Biography and Memoir
Rebel: My Life Outside the Lines
by Nick Nolte
What it's about: The three-time Academy Award nominee traces his half century in Hollywood, describing his extreme character-creation efforts as a method actor, the substance abuse issues that have overshadowed his life and his experiences as a father.
Reviewers say: “The noted film actor and notorious bad boy hunkers down and tells a few tales of his life...Better than the usual run of actor memoirs and plenty of fun to boot.” (Kirkus Reviews)
Patriot Number One: American Dreams in Chinatown by Lauren HilgersWhat it's about: After attracting powerful enemies in his home village of Wukan, Chinese dissident Zhang Liehong immigrated to New York City in 2014, finding solace among fellow Chinese exiles and activists.
Why you should read it: Timely and nuanced, Patriot Number One thoughtfully explores the struggles of modern immigration.
Reviewers say: "This book is hard to put down" (Library Journal).
The Age of Eisenhower: America and the World in the 1950s by William I. HitchcockWhat it is: A measured reevaluation of the "do-nothing" president that demonstrates the extent of his accomplishments in office.
About the author: William I. Hitchcock is a history professor at the University of Virginia and the author of The Bitter Road to Freedom: A New History of the Liberation of Europe, for which he was a Pulitzer Prize finalist.
Further reading: Jean Edward Smith's Eisenhower: In War and Peace.
The Recovering: Intoxication and Its Aftermath by Leslie JamisonWhat it is: A candid and galvanizing memoir of Leslie Jamison's recovery from the alcohol addiction that dominated her 20s.
What's inside: Perceptive profiles of famous alcoholics throughout history -- including writer Raymond Carver and singer Billie Holiday -- that explore the link between addiction and creativity.
Try this next: Olivia Laing's The Trip to Echo Spring: On Writers and Drinking.
The Duchess: Camilla Parker Bowles and the Love Affair That Rocked the Crown by Penny JunorWhat it's about: Royal biographer Penny Junor sympathetically delves into the life of "the other woman" deemed responsible for the dissolution of Prince Charles and Princess Diana's marriage.
Topics include: Camilla's romance with Charles prior to his marriage; how she handled her highly publicized vilification once their extramarital affair was revealed.
Is it for you? This persuasive portrait recasts Camilla from reviled to redeemed, arguing that her support of the royal family strengthens their standing.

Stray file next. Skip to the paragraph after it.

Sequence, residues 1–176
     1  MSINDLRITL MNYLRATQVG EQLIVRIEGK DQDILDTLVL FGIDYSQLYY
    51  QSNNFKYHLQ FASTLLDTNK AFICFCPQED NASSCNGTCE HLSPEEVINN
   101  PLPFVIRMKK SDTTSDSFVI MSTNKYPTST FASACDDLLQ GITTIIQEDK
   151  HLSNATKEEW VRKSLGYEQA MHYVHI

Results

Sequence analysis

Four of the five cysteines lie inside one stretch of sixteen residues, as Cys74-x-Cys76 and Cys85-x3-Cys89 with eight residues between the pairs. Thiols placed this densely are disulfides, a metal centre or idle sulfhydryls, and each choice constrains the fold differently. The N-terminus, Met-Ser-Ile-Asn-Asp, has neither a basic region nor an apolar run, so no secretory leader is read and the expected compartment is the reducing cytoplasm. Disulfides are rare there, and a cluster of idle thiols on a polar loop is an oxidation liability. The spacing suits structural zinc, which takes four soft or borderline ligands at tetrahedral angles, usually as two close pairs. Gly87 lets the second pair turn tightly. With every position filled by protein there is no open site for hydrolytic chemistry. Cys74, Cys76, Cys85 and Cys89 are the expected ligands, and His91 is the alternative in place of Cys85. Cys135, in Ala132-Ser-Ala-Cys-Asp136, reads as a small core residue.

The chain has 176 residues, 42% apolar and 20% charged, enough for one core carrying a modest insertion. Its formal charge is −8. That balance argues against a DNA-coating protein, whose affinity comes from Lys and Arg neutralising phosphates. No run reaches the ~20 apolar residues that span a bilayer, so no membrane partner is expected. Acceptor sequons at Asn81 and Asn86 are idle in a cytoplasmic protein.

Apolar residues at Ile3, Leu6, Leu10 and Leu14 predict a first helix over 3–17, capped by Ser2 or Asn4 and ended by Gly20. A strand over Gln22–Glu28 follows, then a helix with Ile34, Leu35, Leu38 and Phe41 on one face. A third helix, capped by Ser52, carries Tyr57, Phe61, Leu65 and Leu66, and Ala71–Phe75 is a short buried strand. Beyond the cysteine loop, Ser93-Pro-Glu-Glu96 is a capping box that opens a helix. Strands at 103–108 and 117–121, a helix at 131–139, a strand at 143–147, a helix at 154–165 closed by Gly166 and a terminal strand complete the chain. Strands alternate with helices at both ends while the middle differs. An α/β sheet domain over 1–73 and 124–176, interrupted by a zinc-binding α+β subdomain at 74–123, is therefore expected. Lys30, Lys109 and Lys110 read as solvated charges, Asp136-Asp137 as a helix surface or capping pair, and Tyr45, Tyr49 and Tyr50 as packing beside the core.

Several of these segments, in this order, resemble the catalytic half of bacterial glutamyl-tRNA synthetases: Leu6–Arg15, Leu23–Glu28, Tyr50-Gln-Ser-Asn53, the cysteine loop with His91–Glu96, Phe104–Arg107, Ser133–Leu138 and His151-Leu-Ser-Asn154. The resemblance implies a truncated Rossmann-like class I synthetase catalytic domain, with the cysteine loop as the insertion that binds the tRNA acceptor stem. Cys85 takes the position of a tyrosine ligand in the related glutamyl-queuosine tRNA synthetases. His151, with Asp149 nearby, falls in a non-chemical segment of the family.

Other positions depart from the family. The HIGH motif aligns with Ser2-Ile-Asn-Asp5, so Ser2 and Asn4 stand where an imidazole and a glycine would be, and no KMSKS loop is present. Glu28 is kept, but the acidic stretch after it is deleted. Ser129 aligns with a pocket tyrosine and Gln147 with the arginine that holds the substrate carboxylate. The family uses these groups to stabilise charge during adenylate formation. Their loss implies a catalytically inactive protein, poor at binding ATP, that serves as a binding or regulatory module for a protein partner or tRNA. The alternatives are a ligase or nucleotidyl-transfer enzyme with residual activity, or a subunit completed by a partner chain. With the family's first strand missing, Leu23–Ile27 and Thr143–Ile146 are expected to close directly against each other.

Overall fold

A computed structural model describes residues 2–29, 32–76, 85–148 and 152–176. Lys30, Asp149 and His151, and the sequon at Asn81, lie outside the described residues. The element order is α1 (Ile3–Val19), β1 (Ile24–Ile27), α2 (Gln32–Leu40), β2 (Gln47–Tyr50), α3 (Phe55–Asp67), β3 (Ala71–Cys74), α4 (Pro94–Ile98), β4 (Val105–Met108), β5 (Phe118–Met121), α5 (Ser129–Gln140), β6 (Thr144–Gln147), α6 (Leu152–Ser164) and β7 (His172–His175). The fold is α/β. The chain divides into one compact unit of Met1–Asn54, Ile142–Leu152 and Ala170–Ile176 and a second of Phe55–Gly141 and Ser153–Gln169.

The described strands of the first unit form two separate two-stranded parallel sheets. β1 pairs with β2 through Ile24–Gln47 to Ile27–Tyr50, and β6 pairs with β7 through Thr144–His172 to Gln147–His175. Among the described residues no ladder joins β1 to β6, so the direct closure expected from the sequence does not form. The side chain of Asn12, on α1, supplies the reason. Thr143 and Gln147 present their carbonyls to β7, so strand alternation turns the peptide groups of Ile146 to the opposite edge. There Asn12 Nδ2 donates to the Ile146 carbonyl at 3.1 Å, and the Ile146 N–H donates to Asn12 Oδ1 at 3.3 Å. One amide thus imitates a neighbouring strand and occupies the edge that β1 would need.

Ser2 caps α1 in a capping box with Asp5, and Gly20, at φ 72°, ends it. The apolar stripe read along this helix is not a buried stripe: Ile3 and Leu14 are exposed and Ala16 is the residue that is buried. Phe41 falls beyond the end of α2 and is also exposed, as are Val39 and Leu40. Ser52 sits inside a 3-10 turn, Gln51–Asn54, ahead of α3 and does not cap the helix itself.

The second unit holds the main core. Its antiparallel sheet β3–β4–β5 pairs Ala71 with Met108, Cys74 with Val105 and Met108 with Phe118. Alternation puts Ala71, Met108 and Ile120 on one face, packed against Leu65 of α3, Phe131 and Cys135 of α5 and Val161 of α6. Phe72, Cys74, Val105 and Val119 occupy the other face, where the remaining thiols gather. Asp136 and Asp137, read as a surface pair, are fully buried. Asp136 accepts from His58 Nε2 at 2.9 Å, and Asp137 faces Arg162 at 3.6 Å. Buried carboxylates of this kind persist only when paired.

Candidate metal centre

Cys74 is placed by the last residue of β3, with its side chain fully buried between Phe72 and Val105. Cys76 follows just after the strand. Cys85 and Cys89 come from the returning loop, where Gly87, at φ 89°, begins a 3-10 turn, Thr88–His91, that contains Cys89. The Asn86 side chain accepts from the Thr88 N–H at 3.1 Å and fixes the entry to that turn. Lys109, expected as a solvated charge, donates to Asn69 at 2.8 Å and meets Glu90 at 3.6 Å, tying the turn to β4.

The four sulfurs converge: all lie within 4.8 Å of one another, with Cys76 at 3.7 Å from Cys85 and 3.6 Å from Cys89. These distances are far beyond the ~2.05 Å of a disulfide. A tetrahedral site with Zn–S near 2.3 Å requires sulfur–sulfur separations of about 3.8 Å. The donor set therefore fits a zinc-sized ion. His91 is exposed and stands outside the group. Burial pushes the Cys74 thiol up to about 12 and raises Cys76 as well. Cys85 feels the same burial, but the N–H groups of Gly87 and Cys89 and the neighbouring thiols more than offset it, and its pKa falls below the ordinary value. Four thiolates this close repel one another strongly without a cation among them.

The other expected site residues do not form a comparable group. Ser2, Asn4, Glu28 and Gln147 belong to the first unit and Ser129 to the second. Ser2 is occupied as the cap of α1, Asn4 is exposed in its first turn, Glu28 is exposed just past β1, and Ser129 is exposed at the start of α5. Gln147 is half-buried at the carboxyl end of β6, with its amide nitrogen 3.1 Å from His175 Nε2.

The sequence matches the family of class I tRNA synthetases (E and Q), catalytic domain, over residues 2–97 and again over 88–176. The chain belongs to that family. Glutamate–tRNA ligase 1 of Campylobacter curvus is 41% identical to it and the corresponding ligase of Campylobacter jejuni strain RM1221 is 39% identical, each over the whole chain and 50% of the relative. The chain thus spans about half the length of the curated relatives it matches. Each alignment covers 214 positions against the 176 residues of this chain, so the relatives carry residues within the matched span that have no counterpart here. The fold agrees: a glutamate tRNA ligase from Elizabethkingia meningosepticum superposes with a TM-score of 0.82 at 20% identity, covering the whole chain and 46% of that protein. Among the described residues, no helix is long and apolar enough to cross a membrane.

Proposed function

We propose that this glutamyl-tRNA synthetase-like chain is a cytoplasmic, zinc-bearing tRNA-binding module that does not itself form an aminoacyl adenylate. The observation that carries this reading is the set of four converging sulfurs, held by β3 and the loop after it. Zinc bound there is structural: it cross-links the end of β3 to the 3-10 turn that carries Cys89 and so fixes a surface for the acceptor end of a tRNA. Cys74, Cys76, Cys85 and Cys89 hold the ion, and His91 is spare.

Publishing: A Writer's Memoir by Gail GodwinWhat it's about: Novelist Gail Godwin's 50-year career as a writer, during which she navigated the evolving corporatization of the publishing industry.
What's inside: Black and white line drawings by architect Frances Halsband complement Godwin's illuminating prose.
Further reading: Godwin previously published her journals from 1961-1969 in the two-volume The Making of a Writer.
The Accidental Life: An Editor's Notes on Writing and Writers by Terry McDonellWhat it's about: Magazine editor Terry McDonell, who's worked for Rolling Stone, Esquire, and Sports Illustrated, reflects on his 40-year career and the luminaries (Hunter S. Thompson and Tom Wolfe, among others) whose careers he helped shape along the way.
Want a taste? McDonell likens his friendship with Thompson to the plot of Treasure Island: "Adventurous boy kidnapped by pirates; joins pirates."
Don't miss: Word counts accompany McDonell's short, witty chapters.
Manderley Forever: A Biography of Daphne Du Maurier by Tatiana de RosnayWhat it is: A compelling portrait of prolific author Daphne Du Maurier (Rebecca, Jamaica Inn), whose popularity throughout her career did not translate to critical praise -- she was often inaccurately (and dismissively) called a romance novelist.
What sets it apart: Through extensive research and insights from family members, Tatiana de Rosnay depicts the depth of Du Maurier's talents and influence, affording her the admiration that eluded her in life.
Where the Past Begins: A Writer's Memoir by Amy TanWhat it is: A captivating, nonlinear chronicle of the forces that have shaped Amy Tan's writing, including her tumultuous upbringing and her love of music and drawing.
Featuring: Tan's difficult mother, in whom her fiction fans will recognize a familiar character type.
For fans of: Reflective literary memoirs like Richard Ford's Between Them.
Sailor and Fiddler: Reflections of a 100-Year-Old Author by Herman WoukWhat it's about: In this engaging memoir, centenarian Herman Wouk reveals the stories behind his 16 published works with humor and clarity.
About the author: Wouk is a Pulitzer Prize winner (for 1951's The Caine Mutiny) whose works have been published in 27 languages.
To be continued? The author teases a posthumous publication of "the whole Herman Wouk story" -- his diary.
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